I pray life was changed. I pray that the woman and her mom and the curly-haired boy left with a hope. We handed her a gift card to a grocery store and she thanked us. Sincerely. But she turned and walked away, silently sobbing, no less desperate than when she arrived. We couldn’t fix everything. We couldn’t fix her life in those brief moments.

What good is helping when it doesn’t feel good? Or if we feel like we’re even helping at all? What happens when it feels like we are emptying the ocean with an eyedropper. Is there a point?

Yes. Yes.

God calls each of us to do our part. It’s not MY story. It’s His story. If he calls me to give a woman clothes and a gift card, I need to do it. Just because I’m not the final person in this woman’s journey–the one who gets to see the victory or the smile or the sigh of relief as she turns the corner–so be it.

Here’s what Paul said to the believers in Corinth about the work God asked of him and Apollos: “I planted the seed, Apollos watered it, but God made it grow. So neither he who plants nor he who waters is anything, but only God, who makes things grow. The man who plants and the man who waters have one purpose, and each will be rewarded according to his own labor. For we are God’s fellow workers; you are God’s field, God’s building.” (1 Corinthians 3:6-9)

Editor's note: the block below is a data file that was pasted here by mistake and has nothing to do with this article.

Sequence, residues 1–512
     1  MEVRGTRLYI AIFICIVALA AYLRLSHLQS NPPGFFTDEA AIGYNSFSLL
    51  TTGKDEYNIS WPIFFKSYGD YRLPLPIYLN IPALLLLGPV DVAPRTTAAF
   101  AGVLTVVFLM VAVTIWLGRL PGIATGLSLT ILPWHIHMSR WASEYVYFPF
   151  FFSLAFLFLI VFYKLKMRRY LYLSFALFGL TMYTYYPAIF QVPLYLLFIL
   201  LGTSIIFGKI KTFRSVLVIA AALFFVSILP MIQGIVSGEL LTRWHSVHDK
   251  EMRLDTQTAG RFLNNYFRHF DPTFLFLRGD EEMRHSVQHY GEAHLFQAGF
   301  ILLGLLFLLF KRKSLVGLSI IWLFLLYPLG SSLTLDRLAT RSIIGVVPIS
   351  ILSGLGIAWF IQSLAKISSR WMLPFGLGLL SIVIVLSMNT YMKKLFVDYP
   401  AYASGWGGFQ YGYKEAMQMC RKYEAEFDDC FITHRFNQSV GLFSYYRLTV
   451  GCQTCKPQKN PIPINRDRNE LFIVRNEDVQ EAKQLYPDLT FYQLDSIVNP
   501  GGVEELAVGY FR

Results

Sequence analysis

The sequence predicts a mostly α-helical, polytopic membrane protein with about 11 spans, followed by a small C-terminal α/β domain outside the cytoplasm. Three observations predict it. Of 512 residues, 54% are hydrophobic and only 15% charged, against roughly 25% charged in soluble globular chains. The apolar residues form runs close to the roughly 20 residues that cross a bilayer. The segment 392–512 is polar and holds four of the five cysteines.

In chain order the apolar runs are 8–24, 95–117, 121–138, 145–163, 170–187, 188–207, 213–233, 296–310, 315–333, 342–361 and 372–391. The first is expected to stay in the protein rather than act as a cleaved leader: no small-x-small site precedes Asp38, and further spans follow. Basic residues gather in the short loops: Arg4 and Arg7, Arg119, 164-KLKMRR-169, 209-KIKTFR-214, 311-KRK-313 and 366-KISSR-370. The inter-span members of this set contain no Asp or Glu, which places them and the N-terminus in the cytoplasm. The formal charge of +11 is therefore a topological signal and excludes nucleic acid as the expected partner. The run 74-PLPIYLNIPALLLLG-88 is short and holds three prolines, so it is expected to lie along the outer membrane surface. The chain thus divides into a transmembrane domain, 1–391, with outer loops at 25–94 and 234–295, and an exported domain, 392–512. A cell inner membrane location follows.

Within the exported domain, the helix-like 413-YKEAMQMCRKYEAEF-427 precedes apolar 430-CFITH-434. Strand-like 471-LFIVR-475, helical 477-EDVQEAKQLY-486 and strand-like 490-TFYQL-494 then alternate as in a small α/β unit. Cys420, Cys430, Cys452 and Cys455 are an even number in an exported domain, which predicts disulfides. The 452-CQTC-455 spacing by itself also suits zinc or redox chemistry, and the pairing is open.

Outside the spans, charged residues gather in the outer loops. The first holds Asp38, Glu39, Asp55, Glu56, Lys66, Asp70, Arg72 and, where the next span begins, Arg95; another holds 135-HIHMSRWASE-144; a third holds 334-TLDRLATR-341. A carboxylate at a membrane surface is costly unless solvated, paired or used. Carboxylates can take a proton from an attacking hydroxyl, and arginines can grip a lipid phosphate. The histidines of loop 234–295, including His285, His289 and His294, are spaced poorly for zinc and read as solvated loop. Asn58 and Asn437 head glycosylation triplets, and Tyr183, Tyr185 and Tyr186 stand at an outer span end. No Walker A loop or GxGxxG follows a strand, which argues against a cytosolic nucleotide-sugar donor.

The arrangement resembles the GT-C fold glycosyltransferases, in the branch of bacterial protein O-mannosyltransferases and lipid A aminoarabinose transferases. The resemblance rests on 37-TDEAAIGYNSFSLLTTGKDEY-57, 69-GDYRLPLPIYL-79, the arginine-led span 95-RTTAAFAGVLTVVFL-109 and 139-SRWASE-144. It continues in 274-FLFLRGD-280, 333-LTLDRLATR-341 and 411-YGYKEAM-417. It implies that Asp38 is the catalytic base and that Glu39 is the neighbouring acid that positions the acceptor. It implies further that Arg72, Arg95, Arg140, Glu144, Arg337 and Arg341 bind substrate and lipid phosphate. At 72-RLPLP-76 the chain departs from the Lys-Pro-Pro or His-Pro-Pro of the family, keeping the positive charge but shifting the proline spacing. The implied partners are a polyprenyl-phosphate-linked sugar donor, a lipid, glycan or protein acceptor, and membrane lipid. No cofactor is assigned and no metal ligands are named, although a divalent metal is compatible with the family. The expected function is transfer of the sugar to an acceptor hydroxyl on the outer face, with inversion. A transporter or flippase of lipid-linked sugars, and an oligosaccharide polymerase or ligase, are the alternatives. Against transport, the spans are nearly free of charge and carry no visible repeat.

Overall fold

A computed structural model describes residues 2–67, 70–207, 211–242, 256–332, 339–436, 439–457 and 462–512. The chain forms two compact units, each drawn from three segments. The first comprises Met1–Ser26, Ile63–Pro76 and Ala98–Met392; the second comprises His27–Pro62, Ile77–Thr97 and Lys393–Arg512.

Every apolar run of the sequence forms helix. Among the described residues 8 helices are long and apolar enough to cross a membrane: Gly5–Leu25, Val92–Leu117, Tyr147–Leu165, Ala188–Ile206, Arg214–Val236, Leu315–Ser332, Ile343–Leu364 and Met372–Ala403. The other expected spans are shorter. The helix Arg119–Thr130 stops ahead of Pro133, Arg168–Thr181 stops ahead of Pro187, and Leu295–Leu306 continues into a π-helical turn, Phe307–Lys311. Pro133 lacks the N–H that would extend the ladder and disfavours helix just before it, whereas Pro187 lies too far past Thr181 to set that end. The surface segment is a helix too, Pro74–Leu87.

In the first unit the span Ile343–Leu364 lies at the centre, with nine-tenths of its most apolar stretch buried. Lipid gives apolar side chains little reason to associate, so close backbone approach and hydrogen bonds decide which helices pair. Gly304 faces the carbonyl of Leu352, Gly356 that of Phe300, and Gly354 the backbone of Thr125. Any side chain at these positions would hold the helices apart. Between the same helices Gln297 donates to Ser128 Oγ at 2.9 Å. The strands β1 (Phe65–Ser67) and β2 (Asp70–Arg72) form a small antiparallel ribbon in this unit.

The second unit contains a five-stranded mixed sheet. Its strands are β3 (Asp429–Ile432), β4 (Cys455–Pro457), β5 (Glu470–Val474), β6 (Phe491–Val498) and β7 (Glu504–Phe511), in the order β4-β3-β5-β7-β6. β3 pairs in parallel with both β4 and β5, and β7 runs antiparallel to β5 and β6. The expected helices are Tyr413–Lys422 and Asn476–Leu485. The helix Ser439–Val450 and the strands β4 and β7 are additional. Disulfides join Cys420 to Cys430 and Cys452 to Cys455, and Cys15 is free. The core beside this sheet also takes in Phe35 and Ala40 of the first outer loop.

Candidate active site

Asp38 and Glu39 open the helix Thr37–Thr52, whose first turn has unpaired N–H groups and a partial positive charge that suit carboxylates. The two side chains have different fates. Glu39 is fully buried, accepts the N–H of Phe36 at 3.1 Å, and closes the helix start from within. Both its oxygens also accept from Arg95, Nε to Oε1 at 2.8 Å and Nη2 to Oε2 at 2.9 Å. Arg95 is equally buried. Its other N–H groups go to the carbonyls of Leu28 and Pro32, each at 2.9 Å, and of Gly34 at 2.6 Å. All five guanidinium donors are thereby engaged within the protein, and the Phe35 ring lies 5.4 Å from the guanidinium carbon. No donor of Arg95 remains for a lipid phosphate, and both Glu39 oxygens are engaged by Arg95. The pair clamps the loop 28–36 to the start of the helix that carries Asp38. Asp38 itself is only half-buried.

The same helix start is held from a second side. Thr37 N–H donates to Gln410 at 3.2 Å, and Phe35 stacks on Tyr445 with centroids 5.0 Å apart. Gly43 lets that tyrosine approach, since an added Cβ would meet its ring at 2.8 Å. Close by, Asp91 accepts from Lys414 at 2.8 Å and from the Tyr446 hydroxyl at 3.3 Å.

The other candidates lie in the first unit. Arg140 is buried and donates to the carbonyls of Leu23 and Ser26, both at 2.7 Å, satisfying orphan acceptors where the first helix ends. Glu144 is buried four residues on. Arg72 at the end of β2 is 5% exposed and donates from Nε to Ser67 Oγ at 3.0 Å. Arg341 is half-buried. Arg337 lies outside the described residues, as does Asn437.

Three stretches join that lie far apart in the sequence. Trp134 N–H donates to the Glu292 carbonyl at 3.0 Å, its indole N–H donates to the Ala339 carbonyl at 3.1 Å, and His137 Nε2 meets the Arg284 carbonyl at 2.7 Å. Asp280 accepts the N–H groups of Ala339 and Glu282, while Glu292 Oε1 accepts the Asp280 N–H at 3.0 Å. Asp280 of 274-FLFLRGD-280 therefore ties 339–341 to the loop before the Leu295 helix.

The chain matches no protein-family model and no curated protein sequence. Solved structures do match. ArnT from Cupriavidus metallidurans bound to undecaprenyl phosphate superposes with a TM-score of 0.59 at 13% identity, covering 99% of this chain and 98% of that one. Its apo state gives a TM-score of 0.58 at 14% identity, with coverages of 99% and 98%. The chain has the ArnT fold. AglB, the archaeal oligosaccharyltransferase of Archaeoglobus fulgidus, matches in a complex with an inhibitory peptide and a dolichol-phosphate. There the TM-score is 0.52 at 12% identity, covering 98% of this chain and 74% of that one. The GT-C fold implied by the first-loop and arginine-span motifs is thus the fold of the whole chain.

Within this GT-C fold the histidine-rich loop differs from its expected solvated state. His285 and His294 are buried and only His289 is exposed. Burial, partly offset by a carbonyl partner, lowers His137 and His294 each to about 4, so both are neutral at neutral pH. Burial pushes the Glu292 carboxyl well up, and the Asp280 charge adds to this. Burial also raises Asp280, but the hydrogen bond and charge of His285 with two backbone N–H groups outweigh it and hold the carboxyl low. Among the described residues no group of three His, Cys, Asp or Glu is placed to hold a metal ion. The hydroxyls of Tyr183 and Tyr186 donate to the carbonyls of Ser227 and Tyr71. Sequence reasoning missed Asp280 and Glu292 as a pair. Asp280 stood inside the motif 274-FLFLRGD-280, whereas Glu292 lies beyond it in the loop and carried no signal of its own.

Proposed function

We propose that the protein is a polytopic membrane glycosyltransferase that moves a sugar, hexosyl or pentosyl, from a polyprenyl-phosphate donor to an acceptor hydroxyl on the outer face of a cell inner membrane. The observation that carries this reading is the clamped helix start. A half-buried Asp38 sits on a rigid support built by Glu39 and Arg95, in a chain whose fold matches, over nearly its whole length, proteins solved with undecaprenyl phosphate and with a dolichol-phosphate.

We need to plant seeds. We need to water them. We need to trust that God is at work.

This family is now in my head. Planted, watered, growing. And while I will probably never see them again, I’m praying for them.

My sister-in-mission stood next to me, watching the woman disappear from our sight. I turned to her and said, “Listen, I need to tell you about a pair of boots.” I needed her to know how I had messed up and how I carry that regret. I needed her to realize that even though our work that day did not end up making us feel warm and fuzzy, that she and I were made for that moment. I wanted her to know I felt privileged to have partnered with her on that random Wednesday afternoon.

What amazed me was that she actually already knew about the boots. A divine appointment, indeed. Such is the small, small world in which God has planted us. An important reminder that the ground we walk on (whether a paved church parking lot or the dusty floors of a Goodwill) is holy.


  1. Timothy M.Kenny says:

    Katie- Proud of you as always ! Your actions were the “boots on the ground ” Christianity the world so desperately needs.When lost souls come across our radar, Jesus expects us to do something.You did.
    God knows exactly what you did.You may have helped her soul as much as you helped her life.

    • Dad, thank you. Your words mean a lot considering you are one of the best examples of “boots on the ground” Christianity that I know. We may not know our influence on others in this lifetime but we must do it anyway. I thank you for teaching me that.

  2. Alyce Ross says:

    Katie, you have a gift for reaching our hearts and challenging us to be and do all He asks of us. Thank you for challenging us.
    Alyce Ross

  3. Hi, Katie!

    Just visiting from Nancy’s blog. I really enjoyed your post there and this one as well. I had to share it with my husband. You are so right. I know there have been times where I have been hesitant and missed opportunities that I know God wanted to use me. I always feel better when I listen. You never know what kind of ripple effect you can have in a person’s life.

    • Thank you so much, Anna! I’m glad you stopped by! I agree, there are so many moments when we miss God’s opportunities for us. But I’m thankful that He shows us grace when we do. But oh, how wonderful are those moments when we do keep our divine appointments!